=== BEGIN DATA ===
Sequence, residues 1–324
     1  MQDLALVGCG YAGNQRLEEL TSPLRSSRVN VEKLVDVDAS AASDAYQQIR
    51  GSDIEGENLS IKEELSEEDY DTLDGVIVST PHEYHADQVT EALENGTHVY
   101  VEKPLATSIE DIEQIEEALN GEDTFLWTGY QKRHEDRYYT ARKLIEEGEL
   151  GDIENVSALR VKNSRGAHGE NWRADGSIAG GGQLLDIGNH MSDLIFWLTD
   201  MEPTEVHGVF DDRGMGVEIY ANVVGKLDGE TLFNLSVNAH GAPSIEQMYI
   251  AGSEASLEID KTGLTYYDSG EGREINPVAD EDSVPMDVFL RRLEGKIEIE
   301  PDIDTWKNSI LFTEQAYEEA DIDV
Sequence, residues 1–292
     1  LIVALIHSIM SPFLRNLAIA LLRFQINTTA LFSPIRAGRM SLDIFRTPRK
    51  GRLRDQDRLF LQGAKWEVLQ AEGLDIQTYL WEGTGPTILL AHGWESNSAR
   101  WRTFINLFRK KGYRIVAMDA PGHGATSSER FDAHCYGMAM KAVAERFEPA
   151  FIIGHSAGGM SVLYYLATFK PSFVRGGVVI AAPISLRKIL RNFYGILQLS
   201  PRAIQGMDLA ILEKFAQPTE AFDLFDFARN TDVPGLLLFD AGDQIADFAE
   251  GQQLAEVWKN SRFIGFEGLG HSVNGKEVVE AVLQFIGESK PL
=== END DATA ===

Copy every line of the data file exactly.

Sequence, residues 1–324
     1  MQDLALVGCG YAGNQRLEEL TSPLRSSRVN VEKLVDVDAS AASDAYQQIR
    51  GSDIEGENLS IKEELSEEDY DTLDGVIVST PHEYHADQVT EALENGTHVY
   101  VEKPLATSIE DIEQIEEALN GEDTFLWTGY QKRHEDRYYT ARKLIEEGEL
   151  GDIENVSALR VKNSRGAHGE NWRADGSIAG GGQLLDIGNH MSDLIFWLTD
   201  MEPTEVHGVF DDRGMGVEIY ANVVGKLDGE TLFNLSVNAH GAPSIEQMYI
   251  AGSEASLEID KTGLTYYDSG EGREINPVAD EDSVPMDVFL RRLEGKIEIE
   301  PDIDTWKNSI LFTEQAYEEA DIDV
Sequence, residues 1–292
     1  LIVALIHSIM SPFLRNLAIA LLRFQINTTA LFSPIRAGRM SLDIFRTPRK
    51  GRLRDQDRLF LQGAKWEVLQ AEGLDIQTYL WEGTGPTILL AHGWESNSAR
   101  WRTFINLFRK KGYRIVAMDA PGHGATSSER FDAHCYGMAM KAVAERFEPA
   151  FIIGHSAGGM SVLYYLATFK PSFVRGGVVI AAPISLRKIL RNFYGILQLS
   201  PRAIQGMDLA ILEKFAQPTE AFDLFDFARN TDVPGLLLFD AGDQIADFAE
   251  GQQLAEVWKN SRFIGFEGLG HSVNGKEVVE AVLQFIGESK PL